The following editorial appeared in The Kansas City Star June 1:

The Afghanistan parliament’s vote to ask for criminal prosecution of the U.S. soldiers involved in a deadly truck accident Monday in Kabul is a troubling development.

Although investigations into the cause of the accident continue, early reports indicate that the brakes on one of the trucks in a U.S. convoy failed. The truck hit a line of cars, killing as many as five Afghans. The incident triggered anti-foreigner riots throughout the city – the latest example of anti-Western opportunists using any excuse possible to incite violence. Attacks attributed to Taliban and al-Qaida sympathizers are at the highest level since coalition forces ousted the Taliban in October 2001.

Unfortunately, the parliament is adding fuel to the fire by approving this nonbinding resolution. Just what Afghanistan doesn’t need – more heat without additional light.

In some ways, the parliamentary vote is a sign that politicians the world over are all the same. How many times have U.S. lawmakers proposed legislation that is little more than pandering to some agitated faction?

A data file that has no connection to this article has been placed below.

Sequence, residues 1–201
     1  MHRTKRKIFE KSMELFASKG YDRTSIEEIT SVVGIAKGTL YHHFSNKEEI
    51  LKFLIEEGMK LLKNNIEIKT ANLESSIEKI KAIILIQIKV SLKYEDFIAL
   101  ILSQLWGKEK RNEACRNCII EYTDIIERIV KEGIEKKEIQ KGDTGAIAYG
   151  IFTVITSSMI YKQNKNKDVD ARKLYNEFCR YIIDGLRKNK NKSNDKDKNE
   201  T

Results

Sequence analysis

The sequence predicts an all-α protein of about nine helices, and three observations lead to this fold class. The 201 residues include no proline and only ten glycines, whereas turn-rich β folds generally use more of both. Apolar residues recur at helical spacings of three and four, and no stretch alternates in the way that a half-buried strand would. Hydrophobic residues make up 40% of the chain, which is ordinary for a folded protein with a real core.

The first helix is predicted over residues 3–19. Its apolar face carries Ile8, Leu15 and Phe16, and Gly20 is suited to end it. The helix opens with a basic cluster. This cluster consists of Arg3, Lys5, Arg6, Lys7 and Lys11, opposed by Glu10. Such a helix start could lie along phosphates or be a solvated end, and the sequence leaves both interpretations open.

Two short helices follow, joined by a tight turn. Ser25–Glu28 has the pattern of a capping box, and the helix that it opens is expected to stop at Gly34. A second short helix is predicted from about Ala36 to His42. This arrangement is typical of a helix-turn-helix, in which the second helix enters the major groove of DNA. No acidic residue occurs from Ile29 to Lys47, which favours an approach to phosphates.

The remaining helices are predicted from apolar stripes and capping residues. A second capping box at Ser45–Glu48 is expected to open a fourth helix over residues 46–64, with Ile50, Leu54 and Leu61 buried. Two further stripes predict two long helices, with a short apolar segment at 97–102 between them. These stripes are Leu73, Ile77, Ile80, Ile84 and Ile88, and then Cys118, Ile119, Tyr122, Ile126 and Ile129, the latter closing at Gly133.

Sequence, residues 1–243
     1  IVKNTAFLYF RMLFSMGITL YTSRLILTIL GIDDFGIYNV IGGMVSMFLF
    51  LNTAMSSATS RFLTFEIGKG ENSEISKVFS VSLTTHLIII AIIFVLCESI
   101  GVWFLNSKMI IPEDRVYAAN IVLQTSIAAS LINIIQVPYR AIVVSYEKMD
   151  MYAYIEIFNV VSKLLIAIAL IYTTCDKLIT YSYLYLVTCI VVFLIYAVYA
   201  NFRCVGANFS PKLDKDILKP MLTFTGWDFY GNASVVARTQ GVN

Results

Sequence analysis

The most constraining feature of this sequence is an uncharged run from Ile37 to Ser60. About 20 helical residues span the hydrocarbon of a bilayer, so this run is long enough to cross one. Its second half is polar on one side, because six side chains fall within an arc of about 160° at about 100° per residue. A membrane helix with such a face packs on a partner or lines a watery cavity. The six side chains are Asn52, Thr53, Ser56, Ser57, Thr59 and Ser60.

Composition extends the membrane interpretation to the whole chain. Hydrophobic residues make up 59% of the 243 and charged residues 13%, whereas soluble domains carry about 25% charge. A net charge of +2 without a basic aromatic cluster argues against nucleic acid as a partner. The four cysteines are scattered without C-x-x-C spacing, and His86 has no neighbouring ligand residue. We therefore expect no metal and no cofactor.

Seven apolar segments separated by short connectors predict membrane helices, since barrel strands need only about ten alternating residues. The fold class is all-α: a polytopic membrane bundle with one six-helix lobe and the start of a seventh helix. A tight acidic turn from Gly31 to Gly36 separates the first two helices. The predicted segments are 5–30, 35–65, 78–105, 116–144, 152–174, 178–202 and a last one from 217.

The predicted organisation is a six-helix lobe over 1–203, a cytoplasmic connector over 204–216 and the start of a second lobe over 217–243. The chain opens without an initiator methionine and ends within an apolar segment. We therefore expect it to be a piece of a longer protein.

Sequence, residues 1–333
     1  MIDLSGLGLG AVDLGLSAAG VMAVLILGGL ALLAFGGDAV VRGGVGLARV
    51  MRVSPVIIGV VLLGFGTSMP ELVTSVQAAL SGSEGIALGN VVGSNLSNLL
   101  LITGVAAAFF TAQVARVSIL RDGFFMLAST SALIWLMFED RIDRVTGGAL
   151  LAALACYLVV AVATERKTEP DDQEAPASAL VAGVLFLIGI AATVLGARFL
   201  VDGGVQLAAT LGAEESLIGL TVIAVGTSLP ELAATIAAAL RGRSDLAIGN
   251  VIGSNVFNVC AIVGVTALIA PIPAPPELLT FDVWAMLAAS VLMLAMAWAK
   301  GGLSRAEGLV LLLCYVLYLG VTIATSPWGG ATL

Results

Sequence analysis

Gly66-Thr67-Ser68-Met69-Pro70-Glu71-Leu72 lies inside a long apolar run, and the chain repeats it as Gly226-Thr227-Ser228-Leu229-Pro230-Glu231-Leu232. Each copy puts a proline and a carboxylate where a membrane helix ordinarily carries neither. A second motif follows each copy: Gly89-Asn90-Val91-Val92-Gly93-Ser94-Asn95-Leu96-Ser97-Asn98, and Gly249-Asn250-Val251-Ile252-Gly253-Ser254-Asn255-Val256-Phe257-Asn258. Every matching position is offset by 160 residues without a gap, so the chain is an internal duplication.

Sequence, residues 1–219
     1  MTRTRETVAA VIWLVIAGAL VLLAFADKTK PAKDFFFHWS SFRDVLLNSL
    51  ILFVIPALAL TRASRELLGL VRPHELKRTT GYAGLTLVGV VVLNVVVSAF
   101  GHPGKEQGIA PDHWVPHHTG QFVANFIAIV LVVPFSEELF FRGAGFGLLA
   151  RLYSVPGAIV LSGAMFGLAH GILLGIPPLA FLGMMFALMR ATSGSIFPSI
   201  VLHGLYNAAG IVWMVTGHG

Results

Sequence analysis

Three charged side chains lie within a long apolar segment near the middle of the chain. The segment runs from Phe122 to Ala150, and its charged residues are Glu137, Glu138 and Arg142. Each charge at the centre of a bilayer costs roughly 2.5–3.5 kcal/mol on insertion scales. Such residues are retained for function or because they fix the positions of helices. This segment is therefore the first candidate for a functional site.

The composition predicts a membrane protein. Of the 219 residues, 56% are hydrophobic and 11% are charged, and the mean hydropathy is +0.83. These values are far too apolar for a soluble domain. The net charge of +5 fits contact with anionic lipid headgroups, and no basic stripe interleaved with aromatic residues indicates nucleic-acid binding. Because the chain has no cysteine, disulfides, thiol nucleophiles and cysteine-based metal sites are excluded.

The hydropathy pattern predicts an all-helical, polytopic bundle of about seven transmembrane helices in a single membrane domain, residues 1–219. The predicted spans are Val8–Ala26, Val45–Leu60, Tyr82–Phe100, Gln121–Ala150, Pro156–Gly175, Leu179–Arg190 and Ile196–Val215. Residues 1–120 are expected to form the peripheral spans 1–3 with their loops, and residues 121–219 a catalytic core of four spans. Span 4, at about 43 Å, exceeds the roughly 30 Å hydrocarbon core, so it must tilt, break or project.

The Afghanistan issue now lies on the desk of President Hamid Karzai, who finds himself in an unenviable position. Desperate to be seen as more than a puppet of the United States, Karzai must find a way to acknowledge the concerns of his nation’s legislators while also defusing the escalating violence.

More than 19,000 U.S. troops are still in Afghanistan, a fact that too often is overlooked by this country’s myopic focus on Iraq. That’s just military personnel and doesn’t include the civilian contractors and American aid workers, who have become targets of increasing Afghan discontent.

In this week’s riots, the Kabul offices of CARE were torched and international aid workers were assaulted. Seven Afghans working for international aid groups – USAID and ActionAid International – were killed Tuesday in two separate incidents.

On May 18, a suicide car bomber killed an American civilian on a U.S. State Department police training project near the western city of Herat. Two other Americans were wounded.

Within the next few months, the NATO-led International Security Assistance Force is scheduled to assume control of Afghanistan’s most volatile southern region around Kandahar and then take over security along the eastern border with Pakistan. That should not be a signal that U.S. involvement in Afghanistan is ending. Although ISAF, which includes troops from 36 nations, will double its numbers to 18,000, U.S. military forces will decrease only to 16,500.

Or that was the plan before this current round of attacks.

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